Alice Mead was born in 1952 and attended Bryn Mawr College. She received a master's degree in education, and later a B.S. in art education. She founded two preschools for mainstreaming handicapped preschoolers, and taught art at the junior-high-school level for a number of years. She played the flute and piccolo for twenty-eight years, and now she paints, and enjoys gardening and writing--especially about a little boy named Junebug.

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Dawn and Dusk 4.7 out of 5 based on 0 ratings. 16 reviews.
Anonymous More than 1 year ago
The three pups were small mabey a week old. There were two male and a female. The feamle was a cream colour with light orage freakles all over. The youngest male was a pale grey fur that faded intovwhite at his paws tail and muzzle. Te last on was deep black with greyrings on paws and tail. As his eyes were open and theye were bright light blue the glowed.
Anonymous More than 1 year ago
The brute turned, shocked at the wolf's hasty exit. But even more surprised at the pups they had left behind. Rhys approached the trio softly, being very careful not to scare them. As much as he would like to care for them... He couldn't. Maybe Errant could care for them?
Anonymous More than 1 year ago
Name : Hmm, take a guess... <br> Gender: Male <br> Rank: Alpha Male <br> Personality: He can seem a little harsh, but never mean. He only does what's best for his pack. Very ambitious, in a good way. Apperance: A handsome dark brown he-wolf with darker and lighter streaks across his pelt and bright green eyes. He has a black ear tip, a black paw, and a black tail tip. <br> Kin: <br> &bull;Snowdrop, his sister. Alive. <br> &bull;Sorrow, his mither. Dead. <br> &bull;Malik, his father. Dead. <br> Crush: None yet, sooner or later he'll find a mate. <br> History: To long and despressing a story to tell. I'll save it for a rainy day. <br> Well, I guess that's pretty much it!
Anonymous More than 1 year ago
PELT: a red wolf with an orange tint, green eyes PERSONALITY: brave and exited loves to laugh and make others laugh. Preforms her duties heartlessly sas she loves to please people. AGE: 14 moons MATE OR KITS OR CRUSH: none, i dont really know anyone yet! OTHER: just ask i dont bite!
Anonymous More than 1 year ago
Name: Copperflare. &bull; Gender: &female &bull; Looks: Brown/red-ish & amber eyes. &bull; Kin: Unknown. &bull; Mate: No. &bull; Crush: Blaze. &bull; Pups: No. &bull; History: Last pack didnt care about her, so she left. &bull; Personality: Brave, calm, loyal, & intellegent.
Anonymous More than 1 year ago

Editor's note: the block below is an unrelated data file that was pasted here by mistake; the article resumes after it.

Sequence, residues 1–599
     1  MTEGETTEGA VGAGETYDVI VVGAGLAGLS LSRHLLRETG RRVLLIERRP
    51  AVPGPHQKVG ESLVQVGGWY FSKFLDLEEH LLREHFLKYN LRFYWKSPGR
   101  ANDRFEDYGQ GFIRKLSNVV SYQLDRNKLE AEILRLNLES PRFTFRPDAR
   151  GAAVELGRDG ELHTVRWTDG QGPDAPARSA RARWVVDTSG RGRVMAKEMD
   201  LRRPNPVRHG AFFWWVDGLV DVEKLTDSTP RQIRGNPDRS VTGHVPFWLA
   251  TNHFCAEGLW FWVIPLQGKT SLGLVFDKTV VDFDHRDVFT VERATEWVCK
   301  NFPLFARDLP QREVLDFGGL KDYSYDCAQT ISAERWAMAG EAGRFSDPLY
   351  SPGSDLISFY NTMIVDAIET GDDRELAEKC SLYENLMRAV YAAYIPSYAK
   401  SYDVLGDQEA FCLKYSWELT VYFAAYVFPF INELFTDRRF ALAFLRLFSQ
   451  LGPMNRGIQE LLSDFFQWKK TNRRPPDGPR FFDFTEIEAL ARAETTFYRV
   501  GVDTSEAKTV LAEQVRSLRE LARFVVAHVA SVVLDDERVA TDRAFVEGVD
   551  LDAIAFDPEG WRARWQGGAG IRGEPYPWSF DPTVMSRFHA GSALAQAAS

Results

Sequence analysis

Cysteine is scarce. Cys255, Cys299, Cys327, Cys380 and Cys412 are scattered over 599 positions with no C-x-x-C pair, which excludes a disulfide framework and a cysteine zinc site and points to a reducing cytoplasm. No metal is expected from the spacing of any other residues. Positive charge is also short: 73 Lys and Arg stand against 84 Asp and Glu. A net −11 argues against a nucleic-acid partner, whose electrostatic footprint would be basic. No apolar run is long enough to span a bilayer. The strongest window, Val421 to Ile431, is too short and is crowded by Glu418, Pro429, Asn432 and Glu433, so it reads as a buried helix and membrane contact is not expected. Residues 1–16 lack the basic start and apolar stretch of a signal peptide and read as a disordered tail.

12 moons. Female. A small brown shecat long black legs. Violet eyes. I will be a loving,caring,risky,and adventourous wolf. I love to look at Blaze and I have no pups. My theme song is thrift shop by macklemore and ryan. I never speak of ny history EVER!
Anonymous More than 1 year ago
"A place to stay is what youll get." She meows gently to the tom. "You may stay here, if youd like."
Anonymous More than 1 year ago
shadownight smiles ( i know try calling her by her real name that will realy freack her out and then if she know that you know it she'll get scared and not attack her real name is nightblaze mearly say the name and it will freack her out ) he smiles and sits
Anonymous More than 1 year ago
shadownight chuckles then starts to full on laugh ( you cant defend your self on whats comeing a spirit wolf named night is planing on takeing your pack and killing you but hey if thats what you want tell me to leave right now if you want to find her shes at night class first result i must warn you though dont get to close to her your you'll get burned
Anonymous More than 1 year ago
shadownight pads in his jet black pelt glisening with his wings at his side ( hello i need to talk to your alpha i am a spirit wolf here to gaurd your little pack here) he sits
Anonymous More than 1 year ago
Sorry...... *pads out*
Anonymous More than 1 year ago
Whimpers
Anonymous More than 1 year ago
?
Anonymous More than 1 year ago
&hellip;
Anonymous More than 1 year ago
Watches
TeensReadToo More than 1 year ago
DAWN AND DUSK by Alice Mead is a compelling work of fiction that is a timely read for youth of the 21st Century.

Azad is a pre-teen, Kurdish boy living in Iran along the Iraq border in the late '80's during the Iran-Iraq war. To make the lives of his people even more trying, the Kurds are despised in their own country as well as Iraq. This sad fact of life inspires many to join a resistance movement against the Ayatollah's regime, putting their lives in danger. When Azad's town is bombed with Iraqi chemical weapons, he retreats to his mother's home in the mountains of Kurdistan.

The heart of this story - in spite of its foreign setting - is one of universal concerns for young people. Azad's parents are divorced and he has mixed feelings for both his mom and dad. Who is to blame for his broken home?

He feels abandoned by his mom, who moved far away after the divorce, but he wonders if the rumors are true about his father. Is he really an informer for the Iranian secret police? Did his mother leave because she is a member of the resistance? His struggles with his family situation combine with his feelings of alienation as a Kurd. Many young people will identify with Azad's concerns.

Although the ending is a bit too tidy for realistic fiction, Mead's resolution keeps DAWN AND DUSK acceptable for its targeted young audience. This novel is extremely well-written and has an authentic sense of place.